The variety of modes in Harvest do wonders for replayability, but after spending a lot of time with the game you'll suddenly realize it's a one-trick pony. Sure, that one trick is amazing and will keep you busy for weeks, but the variety of units and enemies just doesn't support a long, progressive experience. Think of Harvest as a series of very polished casual Flash games packaged together and you'll have an idea of what to expect.

The free time-unlimited demo contains the first two modes of play on the planet Hephaestus. Download, run through the excellent tutorial, then start your career as alien swarm obliterator.

WindowsWindows:
Download the demo (53MB)
Get the full version

Mac OS XMac OS X:
Download the demo (55MB)
Get the full version

13 Comments

Whoa, I'm first! Great game, always wanted something like this. Too bad that is only for an hour.


[Edit: A time-unlimited demo is not "only for an hour".]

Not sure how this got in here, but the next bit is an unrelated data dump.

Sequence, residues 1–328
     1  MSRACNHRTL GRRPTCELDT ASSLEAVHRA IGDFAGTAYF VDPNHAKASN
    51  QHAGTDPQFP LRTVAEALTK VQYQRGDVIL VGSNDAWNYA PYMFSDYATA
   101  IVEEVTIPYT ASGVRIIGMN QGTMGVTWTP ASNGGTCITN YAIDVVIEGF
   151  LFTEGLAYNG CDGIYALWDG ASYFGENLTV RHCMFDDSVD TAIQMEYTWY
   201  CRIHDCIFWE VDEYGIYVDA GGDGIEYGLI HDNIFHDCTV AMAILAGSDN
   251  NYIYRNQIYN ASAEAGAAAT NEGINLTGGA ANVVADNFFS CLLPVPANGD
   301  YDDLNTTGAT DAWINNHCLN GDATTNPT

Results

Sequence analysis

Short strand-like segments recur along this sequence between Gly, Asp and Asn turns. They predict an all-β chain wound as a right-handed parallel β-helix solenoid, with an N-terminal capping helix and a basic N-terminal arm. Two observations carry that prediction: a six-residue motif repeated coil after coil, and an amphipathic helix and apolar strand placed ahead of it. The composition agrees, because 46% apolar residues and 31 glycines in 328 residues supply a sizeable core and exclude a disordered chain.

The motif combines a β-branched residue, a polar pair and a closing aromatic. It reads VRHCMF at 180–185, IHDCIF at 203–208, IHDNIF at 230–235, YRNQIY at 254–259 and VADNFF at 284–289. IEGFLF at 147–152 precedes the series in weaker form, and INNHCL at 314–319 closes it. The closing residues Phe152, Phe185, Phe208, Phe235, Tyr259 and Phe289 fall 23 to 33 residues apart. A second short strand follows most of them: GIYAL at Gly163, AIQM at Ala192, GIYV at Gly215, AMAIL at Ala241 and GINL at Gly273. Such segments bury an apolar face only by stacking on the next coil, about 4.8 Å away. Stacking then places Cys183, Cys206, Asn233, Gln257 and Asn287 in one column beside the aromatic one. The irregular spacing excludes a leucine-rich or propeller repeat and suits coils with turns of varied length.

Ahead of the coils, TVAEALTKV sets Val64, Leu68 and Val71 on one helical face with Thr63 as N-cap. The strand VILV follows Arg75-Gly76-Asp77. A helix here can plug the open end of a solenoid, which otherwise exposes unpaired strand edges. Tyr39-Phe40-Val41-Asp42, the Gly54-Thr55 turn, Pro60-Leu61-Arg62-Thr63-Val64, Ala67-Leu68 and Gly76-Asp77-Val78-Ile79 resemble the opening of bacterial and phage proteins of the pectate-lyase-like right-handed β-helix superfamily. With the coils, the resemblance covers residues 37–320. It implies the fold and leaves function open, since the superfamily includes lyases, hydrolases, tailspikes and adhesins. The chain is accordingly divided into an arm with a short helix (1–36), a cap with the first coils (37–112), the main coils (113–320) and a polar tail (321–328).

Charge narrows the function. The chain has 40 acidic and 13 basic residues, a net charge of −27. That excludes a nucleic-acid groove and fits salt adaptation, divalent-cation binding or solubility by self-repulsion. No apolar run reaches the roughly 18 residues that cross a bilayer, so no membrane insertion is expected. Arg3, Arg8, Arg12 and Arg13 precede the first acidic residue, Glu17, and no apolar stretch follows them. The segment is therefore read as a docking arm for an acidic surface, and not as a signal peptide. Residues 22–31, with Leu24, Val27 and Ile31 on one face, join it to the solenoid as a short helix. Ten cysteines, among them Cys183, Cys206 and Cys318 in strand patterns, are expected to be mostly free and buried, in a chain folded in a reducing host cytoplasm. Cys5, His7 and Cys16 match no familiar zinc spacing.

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Unfortunately, I felt that the shortcomings in variety weakened the game so much that, although initially impressed, I won't be purchasing it. I'm all in favor of these sort of strategy games (I used to play Zeus: Master of Olympus nonstop) and the energy links were a very innovative mechanic. But the term one-trick pony really DOES apply here, and while I was entertained for a few minutes, I'd be too concerned with the game not holding my attention for long enough to warrant spending money on.

If it updates in the future with more building types and more objective-based gameplay (rather than the "get a high score" or "defeat all the enemies" goals the game is limited to now) I'll buy it in a second.